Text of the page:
The comparably and moderately-sized altarpiece by Bellini in the exhibition is one of the so-called ‘landscape’ paintings, which Mantegna and Bellini both used as a more extensive – and also expressive – setting for a sacred subject: here, in the strikingly composed Resurrection of Christ. Earlier than and utterly different from Mantegna’s more conventional Madonna and Child, it also has a very different frame, three elements of which are antique, on a new base.  Peter Schade suggests that the antique portion, with its densely-packed, rich and sculptural grotesque ornament, is Spanish in execution; the three-dimensional heads set in Mannerist cartouches on the frieze of the entablature are particularly unItalian in their cast, and the decoration of the pilasters is at a slight remove from the arabesque ornament which Renaissance carvers and painters derived from Nero’s Domus Aurea. As a setting for Bellini’s extraordinary dawn landscape and floating Christ, however, it is extremely effective, with the blue ground echoing the sky, as in the San Zeno altarpiece, and the slenderness of the pilasters undercutting the dense ornament.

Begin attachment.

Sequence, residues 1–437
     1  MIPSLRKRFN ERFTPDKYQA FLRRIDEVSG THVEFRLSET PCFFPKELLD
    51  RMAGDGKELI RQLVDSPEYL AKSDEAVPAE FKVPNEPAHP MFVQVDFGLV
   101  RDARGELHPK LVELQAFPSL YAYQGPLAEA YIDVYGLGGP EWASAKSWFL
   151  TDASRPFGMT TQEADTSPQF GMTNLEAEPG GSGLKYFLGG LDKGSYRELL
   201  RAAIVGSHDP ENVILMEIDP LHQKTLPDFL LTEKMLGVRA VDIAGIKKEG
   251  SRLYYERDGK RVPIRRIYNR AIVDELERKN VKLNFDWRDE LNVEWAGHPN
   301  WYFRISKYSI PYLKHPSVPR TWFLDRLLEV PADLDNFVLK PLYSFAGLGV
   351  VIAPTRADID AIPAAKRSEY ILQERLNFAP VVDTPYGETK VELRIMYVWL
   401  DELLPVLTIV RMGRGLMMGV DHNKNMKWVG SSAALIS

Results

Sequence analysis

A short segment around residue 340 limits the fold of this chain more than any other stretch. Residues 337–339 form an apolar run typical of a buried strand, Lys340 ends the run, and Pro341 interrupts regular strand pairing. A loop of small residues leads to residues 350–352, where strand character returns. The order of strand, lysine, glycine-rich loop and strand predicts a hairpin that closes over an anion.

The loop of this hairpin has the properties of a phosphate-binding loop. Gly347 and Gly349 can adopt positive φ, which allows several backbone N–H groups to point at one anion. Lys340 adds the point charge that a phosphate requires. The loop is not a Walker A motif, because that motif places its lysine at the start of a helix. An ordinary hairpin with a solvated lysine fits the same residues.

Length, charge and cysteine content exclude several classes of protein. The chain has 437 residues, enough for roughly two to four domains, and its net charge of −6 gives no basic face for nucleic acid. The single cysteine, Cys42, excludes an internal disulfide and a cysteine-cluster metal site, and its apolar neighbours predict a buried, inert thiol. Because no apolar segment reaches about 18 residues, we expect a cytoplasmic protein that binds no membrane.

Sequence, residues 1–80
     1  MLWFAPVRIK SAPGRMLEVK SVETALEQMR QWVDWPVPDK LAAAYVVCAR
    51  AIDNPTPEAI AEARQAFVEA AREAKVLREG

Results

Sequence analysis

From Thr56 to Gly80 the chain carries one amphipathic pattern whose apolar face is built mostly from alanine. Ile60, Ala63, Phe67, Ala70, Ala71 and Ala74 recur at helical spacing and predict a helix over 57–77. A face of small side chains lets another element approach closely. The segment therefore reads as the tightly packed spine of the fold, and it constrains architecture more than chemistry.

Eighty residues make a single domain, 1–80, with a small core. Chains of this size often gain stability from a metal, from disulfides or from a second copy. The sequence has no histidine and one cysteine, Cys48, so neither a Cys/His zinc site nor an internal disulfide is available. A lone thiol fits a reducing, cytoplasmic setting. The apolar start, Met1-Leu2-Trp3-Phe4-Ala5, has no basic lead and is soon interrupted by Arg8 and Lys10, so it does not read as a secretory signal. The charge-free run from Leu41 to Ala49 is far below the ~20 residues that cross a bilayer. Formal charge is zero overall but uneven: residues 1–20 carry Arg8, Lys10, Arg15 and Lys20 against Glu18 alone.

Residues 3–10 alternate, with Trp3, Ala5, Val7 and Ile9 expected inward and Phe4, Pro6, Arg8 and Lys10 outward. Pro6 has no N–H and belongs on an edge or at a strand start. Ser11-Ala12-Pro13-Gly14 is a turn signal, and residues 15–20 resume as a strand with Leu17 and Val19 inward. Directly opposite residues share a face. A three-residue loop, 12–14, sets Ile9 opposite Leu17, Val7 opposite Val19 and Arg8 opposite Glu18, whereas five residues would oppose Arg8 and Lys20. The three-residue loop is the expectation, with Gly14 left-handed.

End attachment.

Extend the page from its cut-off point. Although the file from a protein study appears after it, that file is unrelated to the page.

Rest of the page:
Andrea Mantegna (1430/31-1506), The Adoration of the shepherds, c.1450-52, tempera/panel, transferred to canvas, 40 x 55.6 cm, Metropolitan Museum of Art, NY

Other aedicular frames on works by Mantegna in the exhibition are generally both reproduction and small in scale. The Adoration of the shepherds has been mentioned in the companion article on Bellini as probably having had its frame commissioned or acquired for it by the dealer Joseph Duveen, who bought the painting in 1924.  Although the sgraffito and sight mouldings are not as convincing as they could be, the frame as a whole works effectively with the painting, and is evidence of the care Duveen took to present his wares in as authentic a setting as possible.